This week's book giveaway is in the OCAJP 8 forum. We're giving away four copies of OCA Java SE 8 Programmer I Study Guide and have Edward Finegan & Robert Liguori on-line! See this thread for details.
David - Probably not. And in another 4-5 years, when Java becomes mature and fully realized in its own way -- and subsequently dubbed "no longer cool" by people like you and me -- the level of discourse around it will fade in a similar way. C++ has been around a long time, and so what you see written about it has moved on to a far more functional role. I for one never enjoyed talking about it, in part because it's such an ugly language. C++ I don't think ever inpsired anyone to learn how to program; Java seems accessible enough (without being the kind of mutant programming dabbling that Visual Basic represents) that people feel they can learn it, and that's always good for keeping the conversation going. Right now, Java's progress is relentlessly lateral -- API after API comes out, most of them visiting and trying to make better solutions of well-known application domains, like n-tier distributed systems, mail (of course) and other concepts in messaging, all manner of distributed programming (peer-to-peer, B2B, B2C), enterprise domains (enterprise resource planning, customer resource management, document management, workflow analysis)....on and on and on it goes. Sometime shortly after the drive to innovate slows down -- I can't tell you when, just that it is inevitable -- the talknig will stop, and it will stop long enough that people will move on and explore other things, or maybe just take a freakin' breather. We'll even have to retrofit the Carver and Trusiak Engine(tm) to do something new, although it would be a shame to slow them down any time soon. We get a lot of production out of that machine. But this, my son, is the Way of All Technology. No need to waste your time asking for what else is like what we're doing here right now. What there is of it, this is it. Peace be with you.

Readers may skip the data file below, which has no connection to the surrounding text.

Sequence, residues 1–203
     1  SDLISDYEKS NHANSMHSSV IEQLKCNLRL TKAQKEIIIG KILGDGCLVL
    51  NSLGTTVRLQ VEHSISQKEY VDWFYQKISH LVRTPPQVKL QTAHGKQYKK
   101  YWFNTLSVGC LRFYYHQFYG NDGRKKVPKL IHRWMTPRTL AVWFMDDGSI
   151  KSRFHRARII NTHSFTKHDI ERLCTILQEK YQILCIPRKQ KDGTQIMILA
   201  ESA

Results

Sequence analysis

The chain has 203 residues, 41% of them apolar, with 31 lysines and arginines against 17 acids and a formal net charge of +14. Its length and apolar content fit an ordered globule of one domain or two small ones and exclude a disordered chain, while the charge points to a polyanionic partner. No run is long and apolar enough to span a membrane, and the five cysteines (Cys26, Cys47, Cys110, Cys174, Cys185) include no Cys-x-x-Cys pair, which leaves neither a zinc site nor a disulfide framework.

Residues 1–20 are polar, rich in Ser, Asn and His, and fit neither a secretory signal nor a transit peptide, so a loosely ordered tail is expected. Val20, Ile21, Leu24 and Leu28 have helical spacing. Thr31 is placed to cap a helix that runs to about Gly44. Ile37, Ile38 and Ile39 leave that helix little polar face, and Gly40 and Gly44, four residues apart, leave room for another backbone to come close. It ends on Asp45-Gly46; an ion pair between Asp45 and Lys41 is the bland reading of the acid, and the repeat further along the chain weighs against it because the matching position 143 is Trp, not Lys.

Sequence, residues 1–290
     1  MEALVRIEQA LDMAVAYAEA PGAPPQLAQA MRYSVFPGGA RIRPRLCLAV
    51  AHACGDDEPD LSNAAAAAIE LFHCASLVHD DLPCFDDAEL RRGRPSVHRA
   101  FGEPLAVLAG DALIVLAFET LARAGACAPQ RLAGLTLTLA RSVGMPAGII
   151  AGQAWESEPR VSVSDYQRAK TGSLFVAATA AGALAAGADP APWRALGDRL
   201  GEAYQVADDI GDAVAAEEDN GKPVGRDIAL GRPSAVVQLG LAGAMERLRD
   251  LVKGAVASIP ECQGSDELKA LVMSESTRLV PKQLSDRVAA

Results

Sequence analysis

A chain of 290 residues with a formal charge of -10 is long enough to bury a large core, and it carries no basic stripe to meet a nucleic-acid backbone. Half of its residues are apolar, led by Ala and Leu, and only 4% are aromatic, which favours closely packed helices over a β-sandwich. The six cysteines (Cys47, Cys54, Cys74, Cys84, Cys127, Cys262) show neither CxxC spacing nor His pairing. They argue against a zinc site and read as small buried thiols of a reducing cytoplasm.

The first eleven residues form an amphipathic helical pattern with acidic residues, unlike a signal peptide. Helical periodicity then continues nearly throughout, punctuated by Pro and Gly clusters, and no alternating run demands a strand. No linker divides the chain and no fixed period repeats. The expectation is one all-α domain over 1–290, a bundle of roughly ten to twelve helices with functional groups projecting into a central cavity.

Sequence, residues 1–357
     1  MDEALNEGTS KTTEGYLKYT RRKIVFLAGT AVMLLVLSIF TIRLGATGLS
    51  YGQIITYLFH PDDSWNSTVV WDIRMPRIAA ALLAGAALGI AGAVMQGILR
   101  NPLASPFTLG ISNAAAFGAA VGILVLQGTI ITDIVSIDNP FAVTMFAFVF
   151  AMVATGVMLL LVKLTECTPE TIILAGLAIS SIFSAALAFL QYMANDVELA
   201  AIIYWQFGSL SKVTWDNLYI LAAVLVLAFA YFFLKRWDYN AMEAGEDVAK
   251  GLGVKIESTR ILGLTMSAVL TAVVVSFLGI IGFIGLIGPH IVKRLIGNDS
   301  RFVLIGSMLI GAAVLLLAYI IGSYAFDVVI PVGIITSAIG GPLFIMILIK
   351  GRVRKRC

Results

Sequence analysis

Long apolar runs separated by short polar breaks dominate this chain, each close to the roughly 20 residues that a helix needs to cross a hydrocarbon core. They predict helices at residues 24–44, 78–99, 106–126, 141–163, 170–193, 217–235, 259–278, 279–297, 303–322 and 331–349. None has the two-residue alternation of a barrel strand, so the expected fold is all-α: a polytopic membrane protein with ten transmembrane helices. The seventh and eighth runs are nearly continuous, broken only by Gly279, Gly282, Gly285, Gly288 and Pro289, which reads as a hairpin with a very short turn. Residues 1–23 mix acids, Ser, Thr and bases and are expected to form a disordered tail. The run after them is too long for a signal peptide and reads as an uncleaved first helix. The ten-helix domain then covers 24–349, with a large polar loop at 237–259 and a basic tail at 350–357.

I don't think it was inspired by C++; it was inspired by a expert software architect who knew what worked and didn't in a programming language base on extensive experience. He certainly borrowed heavily from C and C++, but he was just taking good ideas from those languages that probably were taken from good ideas from the languages that came before them.
One thing you can say about Java -- its designers weren't afraid to steal from anybody. There are bits of everything in it. I see all sorts of influences in it: C/C++ most certainly, Smalltalk, Prolog, Modula-3, NetObjects, even a trick or two from Objective C. And the thievery doesn't stop there; RMI *is* SunRPC in concept. The architectural model for Swing follows Motif/CDE so closely (much like the AWT was based on Sun's NeWS) all I really had to learn was some new names. I do think Java has done well to erase some of C++'s less attractive side. Surpassing the technology that gives you rise is part of the contract.
Joined: Jul 27, 2001
If there is no C++ counterpart to JavaRanch, where do people go to become C++ masters?
There can be only one... One web site to rule them all... One... singular sensation... every little move she makes... Oh, wait, I see - you were heading in a different direction. Sorry 'bout that.
"I'm not back." - Bill Harding, Twister
Joined: Feb 16, 2001
Originally posted by David Weitzman: If there is no C++ counterpart to JavaRanch, where do people go to become C++ masters?
You see I cleared my Sun Certification without even visiting Javaranch I started visiting this site after clearing my certification. But I am very Thankful to Michael Ernest because of his book which helped me a lot in clearing my certification So search for another Michael Ernest who can make you c++ master
Joined: Jul 27, 2001
While I grant that Michael Ernest is certainly very cool, I'm not looking for certification-type information. I see he understands what I'm looking for by suggesting 'Work', but I wouldn't be able to seriously do that for a few years even if I suddenly decided to commit myself to C++. Plus I'm not sure how much luck it takes to end up working with colleagues who can show you every day what books can't. 'C++. Plus'...weird.
Hey David, ran acrross this OLD post today, but wanted to let you know about http://forums.embeddedthought.com We just started this about a month or 2 ago and are trying to gather as many members as we can to get this site going. If you join, and post questions about C/C++ I know for a fact they will get answered. Hope to see you there soon.
comp.lang.c++ is quite active, codeproject.com has active forums/articles (but it is more of VC++ than C++), Allan Clarke runs this cpptips list at http://cpptips.hyperformix.com C++ is powerful & amazingly beautiful!! No doubt abt it..... Although, some of the programs written in it are..... well.... - Manish
try www.tek-tips.com they have some great forums on things like C++, VB Access, windows API, etc, etc, etc. now that i look, they have foruns on unix, solaris, perl, java, etc, etc, etc. also. [ April 10, 2003: Message edited by: Randall Twede ]